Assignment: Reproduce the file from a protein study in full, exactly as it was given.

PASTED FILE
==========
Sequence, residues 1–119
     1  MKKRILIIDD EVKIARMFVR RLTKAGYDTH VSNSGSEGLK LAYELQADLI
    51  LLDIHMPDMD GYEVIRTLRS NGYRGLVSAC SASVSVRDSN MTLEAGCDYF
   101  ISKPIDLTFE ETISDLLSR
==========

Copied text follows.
Sequence, residues 1–119
     1  MKKRILIIDD EVKIARMFVR RLTKAGYDTH VSNSGSEGLK LAYELQADLI
    51  LLDIHMPDMD GYEVIRTLRS NGYRGLVSAC SASVSVRDSN MTLEAGCDYF
   101  ISKPIDLTFE ETISDLLSR